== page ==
Sound Fault in a Toshiba Equium A100 Laptop
This old laptop was working well until the sound from the right speaker disappeared. If it was possible to repair it economically, it would be preferable to scrapping it and buying a new laptop, since it otherwise did everything required.
As any computer technician will tell you, when a fault occurs in laptop speaker output, the culprit is usually the headphone jack socket failing to maintain the proper speaker/headphone contacts. However, on checking by plugging in headphones, it was found that there was no sound in the right channel here either. This looked a more interesting problem.
Picture 1 shows the speaker connectors on the System Board, accessed by removing the keyboard.
Injecting a tone signal here showed that both speakers were working fine. The next step required the laptop top cover to be removed so the required audio components on the System Board could be accessed. Luckily, on this laptop, all the main audio components are on the top side of the System Board, so it was not necessary to remove it from the base for diagnosis.
Picture 2 shows the Audio Chip (U14 a Realtek ALC861) and the Audio Amplifier Chip (U18 a Maxim Max9750) and the Volume Control.
Picture 3 shows the circuit diagram of the Audio Amplifier components. The Speakers are fed from the Amplifier OUTL and OUTR ports, signals SPK_OUT_L and SPK_OUT_R.
Applying the test tone at these points gave sound out of both speakers. Next we check the inputs to the Amplifier at INL and INR ports with the test tone, again getting sound from both speakers, confirming the amplifier is working.
Now we must test the other side of the 2.2uF capacitors C289 and C290. Picture 4 shows the Amplifier and the Capacitors C289 and C290.
We find that applying the test tone to these points gave sound out the left speaker but not the right speaker. Removing C290 and testing it with a capacitor tester showed it to be open circuit. Fault found!
Replacing tiny components such as this faulty capacitor, in an area having many other components is very difficult to do with a regular soldering iron. I use a basic hot air rework-station, which makes the job very easy. To remove the component, just heat it up using about 300 degs C air, and after a short time lift it off the board with tweezers. To solder the new capacitor in place, I find it very easy using Solder Paste and the hot air Gun. Dab a small amount of solder paste on each of the System Board pads of the capacitor, place the capacitor on the pads, and simply heat up the capacitor until the solder paste melts and completes a high quality solder joint. Job done – right speaker now working fine.
A few words on the tools I used, because using the right tools will make a difficult job a much easier and quicker job.
The simplest one will do to check voltages and continuity.
As in this case, it can be difficult to use a Multimeter to conclusively demonstrate that a faulty capacitor is open circuit, so to be sure, a capacitor tester is needed. However, no need for great expense here – I use a DM6013.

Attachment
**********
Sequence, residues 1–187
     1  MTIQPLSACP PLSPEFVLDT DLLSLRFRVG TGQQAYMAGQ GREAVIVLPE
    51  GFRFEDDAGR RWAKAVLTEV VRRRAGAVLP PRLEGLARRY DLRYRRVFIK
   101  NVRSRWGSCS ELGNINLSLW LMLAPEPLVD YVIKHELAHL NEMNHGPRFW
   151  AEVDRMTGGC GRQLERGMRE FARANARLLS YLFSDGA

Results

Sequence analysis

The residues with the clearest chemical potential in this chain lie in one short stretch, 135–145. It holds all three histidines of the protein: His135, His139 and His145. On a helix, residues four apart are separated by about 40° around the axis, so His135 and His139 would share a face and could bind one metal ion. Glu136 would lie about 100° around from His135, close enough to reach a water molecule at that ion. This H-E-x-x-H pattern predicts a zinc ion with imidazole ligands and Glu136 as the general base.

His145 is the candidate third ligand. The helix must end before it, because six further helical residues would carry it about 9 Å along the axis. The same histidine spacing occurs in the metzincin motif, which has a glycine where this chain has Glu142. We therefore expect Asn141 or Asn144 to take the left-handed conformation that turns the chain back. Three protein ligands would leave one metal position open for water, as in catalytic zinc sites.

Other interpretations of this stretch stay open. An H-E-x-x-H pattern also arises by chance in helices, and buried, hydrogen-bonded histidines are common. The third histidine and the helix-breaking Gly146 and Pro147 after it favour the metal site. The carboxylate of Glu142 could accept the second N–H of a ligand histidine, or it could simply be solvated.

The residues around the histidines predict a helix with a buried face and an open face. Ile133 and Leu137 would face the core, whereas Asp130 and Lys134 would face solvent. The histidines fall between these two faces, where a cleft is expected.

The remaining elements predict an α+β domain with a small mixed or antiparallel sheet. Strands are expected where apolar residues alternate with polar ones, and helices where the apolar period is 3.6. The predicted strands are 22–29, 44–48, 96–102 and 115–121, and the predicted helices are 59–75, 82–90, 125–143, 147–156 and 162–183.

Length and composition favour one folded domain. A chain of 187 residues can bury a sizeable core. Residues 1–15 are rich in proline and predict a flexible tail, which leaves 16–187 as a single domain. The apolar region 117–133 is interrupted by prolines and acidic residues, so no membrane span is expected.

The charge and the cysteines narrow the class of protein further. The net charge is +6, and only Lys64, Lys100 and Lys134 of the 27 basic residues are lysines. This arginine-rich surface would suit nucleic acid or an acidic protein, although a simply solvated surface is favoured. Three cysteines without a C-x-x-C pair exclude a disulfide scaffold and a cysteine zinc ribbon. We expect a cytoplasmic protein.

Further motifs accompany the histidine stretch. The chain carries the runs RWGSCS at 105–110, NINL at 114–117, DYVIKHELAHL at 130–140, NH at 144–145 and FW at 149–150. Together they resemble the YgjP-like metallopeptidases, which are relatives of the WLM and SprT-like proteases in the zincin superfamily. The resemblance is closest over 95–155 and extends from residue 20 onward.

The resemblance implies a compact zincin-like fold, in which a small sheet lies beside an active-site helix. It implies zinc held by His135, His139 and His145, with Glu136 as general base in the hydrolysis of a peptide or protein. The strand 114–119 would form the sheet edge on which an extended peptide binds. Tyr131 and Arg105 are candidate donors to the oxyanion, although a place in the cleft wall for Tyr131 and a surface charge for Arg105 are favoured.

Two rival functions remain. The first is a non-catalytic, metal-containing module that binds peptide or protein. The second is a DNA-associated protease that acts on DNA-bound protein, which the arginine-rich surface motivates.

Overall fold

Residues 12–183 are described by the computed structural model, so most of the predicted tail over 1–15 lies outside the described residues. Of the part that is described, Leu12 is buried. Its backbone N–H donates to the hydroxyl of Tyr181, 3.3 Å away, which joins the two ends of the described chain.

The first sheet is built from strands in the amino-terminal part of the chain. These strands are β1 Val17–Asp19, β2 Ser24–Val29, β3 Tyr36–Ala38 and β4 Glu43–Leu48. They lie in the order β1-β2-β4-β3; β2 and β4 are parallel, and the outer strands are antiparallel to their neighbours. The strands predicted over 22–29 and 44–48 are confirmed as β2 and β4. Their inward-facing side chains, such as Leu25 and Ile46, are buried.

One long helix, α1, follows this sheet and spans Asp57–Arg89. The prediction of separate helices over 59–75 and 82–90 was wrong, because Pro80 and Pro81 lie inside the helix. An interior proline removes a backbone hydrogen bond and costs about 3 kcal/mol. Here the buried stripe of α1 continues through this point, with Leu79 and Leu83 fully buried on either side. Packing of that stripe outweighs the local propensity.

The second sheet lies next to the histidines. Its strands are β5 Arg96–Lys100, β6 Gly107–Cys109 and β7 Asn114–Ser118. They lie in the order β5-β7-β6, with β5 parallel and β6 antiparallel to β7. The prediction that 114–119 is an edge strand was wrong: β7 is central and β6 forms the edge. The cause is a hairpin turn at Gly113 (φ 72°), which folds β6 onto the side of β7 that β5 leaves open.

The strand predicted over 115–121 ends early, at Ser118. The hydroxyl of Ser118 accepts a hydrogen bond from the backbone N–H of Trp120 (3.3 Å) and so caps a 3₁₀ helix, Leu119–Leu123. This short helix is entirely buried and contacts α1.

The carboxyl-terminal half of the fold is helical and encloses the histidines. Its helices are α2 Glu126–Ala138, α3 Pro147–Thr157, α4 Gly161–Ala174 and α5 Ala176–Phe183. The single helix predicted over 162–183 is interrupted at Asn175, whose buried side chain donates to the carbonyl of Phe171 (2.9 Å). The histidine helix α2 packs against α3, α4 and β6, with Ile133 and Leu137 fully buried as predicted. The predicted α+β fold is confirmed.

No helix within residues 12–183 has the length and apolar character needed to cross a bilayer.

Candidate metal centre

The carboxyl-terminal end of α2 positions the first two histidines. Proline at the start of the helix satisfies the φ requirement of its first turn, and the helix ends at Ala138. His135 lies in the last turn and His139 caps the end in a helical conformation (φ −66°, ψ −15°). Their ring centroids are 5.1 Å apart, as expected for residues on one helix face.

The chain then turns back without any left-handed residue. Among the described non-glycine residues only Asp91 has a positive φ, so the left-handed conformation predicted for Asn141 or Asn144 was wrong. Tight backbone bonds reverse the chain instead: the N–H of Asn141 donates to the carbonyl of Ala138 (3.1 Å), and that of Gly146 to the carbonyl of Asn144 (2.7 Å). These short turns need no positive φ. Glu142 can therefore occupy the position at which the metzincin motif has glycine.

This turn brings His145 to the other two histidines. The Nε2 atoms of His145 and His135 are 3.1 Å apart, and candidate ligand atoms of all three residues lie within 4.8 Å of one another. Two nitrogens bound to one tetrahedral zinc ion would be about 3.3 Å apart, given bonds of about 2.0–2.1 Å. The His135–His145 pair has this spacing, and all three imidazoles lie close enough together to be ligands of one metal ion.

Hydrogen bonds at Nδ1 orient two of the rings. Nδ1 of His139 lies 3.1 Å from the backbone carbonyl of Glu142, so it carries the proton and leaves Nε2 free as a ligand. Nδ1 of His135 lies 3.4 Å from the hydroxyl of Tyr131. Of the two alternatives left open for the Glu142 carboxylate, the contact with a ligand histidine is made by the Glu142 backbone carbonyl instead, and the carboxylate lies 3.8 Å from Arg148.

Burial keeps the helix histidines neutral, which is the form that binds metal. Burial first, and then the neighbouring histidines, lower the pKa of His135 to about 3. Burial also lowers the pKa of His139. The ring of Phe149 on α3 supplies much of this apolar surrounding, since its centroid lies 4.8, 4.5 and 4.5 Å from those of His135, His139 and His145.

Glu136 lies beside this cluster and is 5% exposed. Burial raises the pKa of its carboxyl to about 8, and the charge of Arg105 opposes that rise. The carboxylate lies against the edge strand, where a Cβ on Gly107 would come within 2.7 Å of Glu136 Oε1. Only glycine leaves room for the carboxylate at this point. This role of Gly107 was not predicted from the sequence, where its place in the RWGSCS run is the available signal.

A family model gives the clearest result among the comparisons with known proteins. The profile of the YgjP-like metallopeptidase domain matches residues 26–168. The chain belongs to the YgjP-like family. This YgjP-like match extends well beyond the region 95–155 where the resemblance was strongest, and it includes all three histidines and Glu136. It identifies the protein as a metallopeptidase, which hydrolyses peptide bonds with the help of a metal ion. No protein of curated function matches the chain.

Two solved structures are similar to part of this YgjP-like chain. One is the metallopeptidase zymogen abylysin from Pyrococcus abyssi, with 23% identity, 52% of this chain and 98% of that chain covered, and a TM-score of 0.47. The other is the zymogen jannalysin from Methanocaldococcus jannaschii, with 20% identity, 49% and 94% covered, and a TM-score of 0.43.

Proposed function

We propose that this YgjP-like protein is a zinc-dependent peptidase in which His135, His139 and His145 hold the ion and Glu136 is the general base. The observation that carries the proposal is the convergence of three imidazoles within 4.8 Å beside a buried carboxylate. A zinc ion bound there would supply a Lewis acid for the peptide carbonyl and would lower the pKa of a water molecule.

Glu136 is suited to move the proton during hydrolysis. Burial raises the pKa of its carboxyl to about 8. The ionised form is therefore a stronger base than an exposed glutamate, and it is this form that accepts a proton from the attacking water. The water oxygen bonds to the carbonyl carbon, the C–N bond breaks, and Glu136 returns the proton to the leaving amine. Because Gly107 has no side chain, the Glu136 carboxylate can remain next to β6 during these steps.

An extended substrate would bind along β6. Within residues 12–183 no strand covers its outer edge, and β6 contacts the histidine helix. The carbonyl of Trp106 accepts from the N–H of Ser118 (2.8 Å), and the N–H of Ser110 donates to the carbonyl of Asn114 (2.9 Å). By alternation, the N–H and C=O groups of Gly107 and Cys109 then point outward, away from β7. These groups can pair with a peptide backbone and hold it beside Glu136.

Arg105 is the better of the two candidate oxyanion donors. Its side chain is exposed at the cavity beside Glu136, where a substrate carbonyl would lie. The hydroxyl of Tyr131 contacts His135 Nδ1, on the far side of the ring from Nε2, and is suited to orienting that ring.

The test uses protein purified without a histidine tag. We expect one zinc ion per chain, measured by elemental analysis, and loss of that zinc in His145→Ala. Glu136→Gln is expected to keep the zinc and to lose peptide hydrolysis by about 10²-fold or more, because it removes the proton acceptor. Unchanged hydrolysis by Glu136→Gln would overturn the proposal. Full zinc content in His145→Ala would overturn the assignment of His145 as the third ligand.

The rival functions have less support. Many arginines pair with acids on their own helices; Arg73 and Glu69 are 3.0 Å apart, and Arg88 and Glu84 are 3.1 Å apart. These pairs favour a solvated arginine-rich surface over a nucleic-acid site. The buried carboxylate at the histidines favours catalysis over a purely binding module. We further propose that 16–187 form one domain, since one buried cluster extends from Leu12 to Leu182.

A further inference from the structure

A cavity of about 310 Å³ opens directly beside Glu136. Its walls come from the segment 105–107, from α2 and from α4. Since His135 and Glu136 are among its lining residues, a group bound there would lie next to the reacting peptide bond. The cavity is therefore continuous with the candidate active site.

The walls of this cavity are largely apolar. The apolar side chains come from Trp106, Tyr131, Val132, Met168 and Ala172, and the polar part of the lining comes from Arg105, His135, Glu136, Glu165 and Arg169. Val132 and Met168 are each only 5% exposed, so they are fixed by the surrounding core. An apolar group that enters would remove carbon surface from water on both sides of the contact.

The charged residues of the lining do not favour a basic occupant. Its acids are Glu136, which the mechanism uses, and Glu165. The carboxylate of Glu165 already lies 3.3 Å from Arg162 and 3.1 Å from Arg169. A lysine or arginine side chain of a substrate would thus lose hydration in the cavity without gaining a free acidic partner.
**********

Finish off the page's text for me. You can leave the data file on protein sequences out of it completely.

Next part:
I use an old and simple Nombrex Signal Generator to generate a 1 KHz signal with sufficient amplitude to drive laptop speaker directly. A Tone Generator is essential for audio fault-finding. If you do not have one and cannot find one to suit your budget, download a software Tone Generator onto another computer which can then output the tone from its headphone socket to the laptop under test. Get it from:
Manufacture a cable using a computer stereo jack plug on one end and pair of small cheap probes on the other to inject the tone from the headphone socket into the desired place in the circuit.
Hot Air Rework Station
I use an Atten 858D, which works beautifully and did not cost a great deal – see eBay prices – around £30 UK.
I use solder paste now almost exclusively, even with a soldering iron. It produces, with high reliability, neat and electrically sound joints. Never known a dry joint with it yet. Get it in syringes for easy use, but more economically in pots. Apply to pads with a dental pick! Because of confused terminology in eBay (and other) sales forums, be sure you are getting Solder Paste (i.e. a mixture of solder and flux) and not just flux.
This article was prepared by Gerry Millward from the UK. He is 73 years old and is retired from his career as an electronics engineer (with a strong bias towards computing) in the UK Aerospace and Defence industries, and the RAF. He worked on his first computer (an AEI 1010) in 1960 as an AEI apprentice, and wrote his first computer program in Elliot Autocode on an Elliott 803 computer in 1967. He is a Chartered Engineer and MIET. To keep himself constructively occupied, he is now a self-employed computer technician in a village near Bristol in the South-West of England. Relearning the old skills of soldering using traditional and new tools, after so many years, was a great challenge!
Please give a support by clicking on the social buttons below. Your feedback on the post is welcome. Please leave it in the comments.
P.S- If you enjoyed reading this, click here to subscribe to my blog (free subscription). That way, you’ll never miss a post. You can also forward this website link to your friends and colleagues-thanks!
P.S.S– If you are a beginner and wish to learn laptop repair you can check out the link HERE or click on the image below: